U.S., Iran, Russia team up to save wrestling

On the world stage, the U.S. is in dire conflict with Iran and Russia. On the wrestling mat, the three powers in the sport suddenly are in alliance.

“I think without a doubt we’re together on the wrestling front,” says Greg Strobel, two-time former U.S. Olympic wrestling coach and former coach at Lehigh University. “We’ll be working together.”

The executive board of the International Olympic Committee (IOC) voted this week to drop wrestling from the program for the 2020 Olympics. There is still a chance it may be reinstated, but it must compete with seven other sports for a single opening in 2020.

Next Thursday and Friday in Tehran, the U.S. will be among world’s top-10 wrestling nations competing in the 2013 Freestyle World Cup. Jordan Burroughs and Jake Varner, U.S. gold medalists at the 2012 Olympics, will take on the Iranians, Russians and more.

The shared interest right now: Olympic survival.

“I’m headed to Iran on Monday, and this is a main topic of my conversation with the leadership of the Iranian wrestling federation,” says Rich Bender, executive director of USA Wrestling.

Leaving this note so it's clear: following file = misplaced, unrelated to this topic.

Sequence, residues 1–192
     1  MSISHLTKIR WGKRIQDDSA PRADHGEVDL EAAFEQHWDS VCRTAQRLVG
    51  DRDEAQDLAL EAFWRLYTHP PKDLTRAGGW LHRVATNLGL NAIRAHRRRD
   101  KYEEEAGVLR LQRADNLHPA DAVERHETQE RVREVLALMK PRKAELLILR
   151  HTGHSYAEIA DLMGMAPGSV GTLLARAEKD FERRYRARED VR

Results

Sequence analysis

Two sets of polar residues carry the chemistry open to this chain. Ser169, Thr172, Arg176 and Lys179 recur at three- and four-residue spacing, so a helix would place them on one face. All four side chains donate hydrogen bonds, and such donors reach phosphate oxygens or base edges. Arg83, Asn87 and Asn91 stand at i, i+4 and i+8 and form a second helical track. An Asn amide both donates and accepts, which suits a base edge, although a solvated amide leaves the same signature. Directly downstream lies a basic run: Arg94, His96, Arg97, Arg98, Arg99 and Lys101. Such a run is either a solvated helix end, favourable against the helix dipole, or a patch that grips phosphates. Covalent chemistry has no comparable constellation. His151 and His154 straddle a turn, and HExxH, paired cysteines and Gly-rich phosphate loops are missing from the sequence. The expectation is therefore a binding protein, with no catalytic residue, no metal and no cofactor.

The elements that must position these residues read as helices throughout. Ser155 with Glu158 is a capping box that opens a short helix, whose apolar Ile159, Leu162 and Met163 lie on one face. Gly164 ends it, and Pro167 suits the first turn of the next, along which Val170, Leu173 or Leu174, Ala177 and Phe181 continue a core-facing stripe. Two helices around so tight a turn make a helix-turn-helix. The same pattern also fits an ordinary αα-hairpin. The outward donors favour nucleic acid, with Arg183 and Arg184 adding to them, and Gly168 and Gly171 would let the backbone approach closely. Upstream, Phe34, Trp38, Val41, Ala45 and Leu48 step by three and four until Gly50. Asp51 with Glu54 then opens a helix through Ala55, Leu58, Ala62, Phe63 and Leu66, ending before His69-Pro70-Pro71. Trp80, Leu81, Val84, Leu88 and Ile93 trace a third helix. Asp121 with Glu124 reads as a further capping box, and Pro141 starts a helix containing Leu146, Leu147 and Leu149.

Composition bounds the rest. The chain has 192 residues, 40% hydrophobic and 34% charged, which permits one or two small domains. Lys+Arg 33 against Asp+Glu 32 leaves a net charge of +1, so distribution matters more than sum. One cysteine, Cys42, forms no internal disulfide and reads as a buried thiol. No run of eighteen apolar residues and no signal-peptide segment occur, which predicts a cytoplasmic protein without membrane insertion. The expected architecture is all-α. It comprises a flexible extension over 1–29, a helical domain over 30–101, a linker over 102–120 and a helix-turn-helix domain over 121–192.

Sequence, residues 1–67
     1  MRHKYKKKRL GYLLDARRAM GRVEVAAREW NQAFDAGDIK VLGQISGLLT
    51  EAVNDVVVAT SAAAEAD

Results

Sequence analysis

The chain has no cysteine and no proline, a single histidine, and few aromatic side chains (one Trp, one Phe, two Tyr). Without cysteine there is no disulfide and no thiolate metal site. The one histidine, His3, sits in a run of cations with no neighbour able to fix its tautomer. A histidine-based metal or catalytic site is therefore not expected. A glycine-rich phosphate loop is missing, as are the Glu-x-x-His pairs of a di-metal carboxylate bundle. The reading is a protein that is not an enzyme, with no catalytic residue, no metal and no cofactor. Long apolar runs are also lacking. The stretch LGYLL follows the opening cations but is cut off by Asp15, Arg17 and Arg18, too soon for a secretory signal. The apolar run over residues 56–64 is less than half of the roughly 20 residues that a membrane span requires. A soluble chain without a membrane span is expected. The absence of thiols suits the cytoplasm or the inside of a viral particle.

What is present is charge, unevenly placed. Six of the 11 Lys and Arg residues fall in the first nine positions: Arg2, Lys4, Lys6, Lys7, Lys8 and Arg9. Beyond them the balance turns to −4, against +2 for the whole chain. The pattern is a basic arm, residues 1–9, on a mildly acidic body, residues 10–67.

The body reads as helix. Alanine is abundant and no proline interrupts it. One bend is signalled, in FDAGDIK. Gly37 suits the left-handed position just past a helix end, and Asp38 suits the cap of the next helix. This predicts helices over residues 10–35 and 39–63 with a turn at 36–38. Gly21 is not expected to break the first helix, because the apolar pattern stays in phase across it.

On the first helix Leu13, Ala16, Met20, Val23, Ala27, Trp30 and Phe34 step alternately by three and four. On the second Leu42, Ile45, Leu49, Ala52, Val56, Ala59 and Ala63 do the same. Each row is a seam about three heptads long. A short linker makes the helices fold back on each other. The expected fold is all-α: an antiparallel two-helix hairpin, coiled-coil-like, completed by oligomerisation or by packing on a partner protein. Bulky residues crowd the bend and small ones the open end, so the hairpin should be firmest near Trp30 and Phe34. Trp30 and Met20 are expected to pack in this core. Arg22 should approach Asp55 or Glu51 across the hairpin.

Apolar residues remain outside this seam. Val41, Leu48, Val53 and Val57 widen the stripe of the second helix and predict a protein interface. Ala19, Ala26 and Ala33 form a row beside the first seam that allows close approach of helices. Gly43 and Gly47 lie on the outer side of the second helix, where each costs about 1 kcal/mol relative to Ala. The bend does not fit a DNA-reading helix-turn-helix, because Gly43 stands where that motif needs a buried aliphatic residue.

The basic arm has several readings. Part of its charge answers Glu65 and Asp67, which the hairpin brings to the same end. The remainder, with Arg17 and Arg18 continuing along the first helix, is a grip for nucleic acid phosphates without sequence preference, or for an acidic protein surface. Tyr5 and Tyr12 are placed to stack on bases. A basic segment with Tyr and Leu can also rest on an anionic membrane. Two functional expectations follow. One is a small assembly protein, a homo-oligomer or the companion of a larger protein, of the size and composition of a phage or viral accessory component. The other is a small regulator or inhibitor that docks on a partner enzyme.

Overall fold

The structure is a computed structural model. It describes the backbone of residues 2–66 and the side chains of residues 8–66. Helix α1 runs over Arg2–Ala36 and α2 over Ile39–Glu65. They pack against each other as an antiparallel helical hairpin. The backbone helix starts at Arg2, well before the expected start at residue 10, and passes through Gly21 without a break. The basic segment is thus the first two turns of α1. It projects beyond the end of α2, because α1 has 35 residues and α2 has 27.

“We are going to use every ounce of our resources to do whatever we can as a national federation to reverse that. That might be leading internationally, which we are prepared to do if that’s what it takes.”

The U.S. doesn’t figure to go it alone.

At the 2000 Olympics, American Rulon Gardner did a back flip after he won a gold medal in Greco-Roman wrestling with a heavyweight upset of three-time Olympic champion and previously undefeated Alexander Karelin of Russia.

The U.S., Russia and Iran will remain fierce rivals on the mat. But Gardner calls for world wrestling unity.

“We need to pull everyone in the world together and get everyone on the same page 100%,” says Gardner. “We need other countries like Russian on board to help us. We can’t let this sport die. We need to act quickly and do everything we can to keep this great sport alive.”

Sellout crowds are expected next week at the Azadi Sports Complex in Tehran. Other nations entered include Azerbaijan, Georgia, Kazakhstan, Japan, Belarus, Bulgaria and Turkey.

U.S. stars such as Burroughs and Varner will be recognized by the Iranians fans. Strobel, a member of USA Wrestling’s executive committee, can attest to that.

“It’s their national sport. I would think Iran would be devastated without having wrestling in the Olympics,” says Strobel.

“They’re really into it. I coached the junior world team in 1997, and the championships were in Denmark. It was the year after the Olympics, and I coached in the ’96 games. As I got on the bus to go over to the venue, these Iranians were on the bus. We’re talking 18-year-olds. And they all go, ‘Coach Strobel! ‘ I said, ‘How do you know I’m coach Strobel?’ ” They go, ‘Oh, we see you at the Olympics.’

“They watched every match of the Olympics.”

Whether anybody gets to watch wrestling at the 2020 Olympics is in doubt.

Strobel on what the Olympics mean to wrestling: “The Olympics is the pinnacle, the best you can do.”

By USA Today


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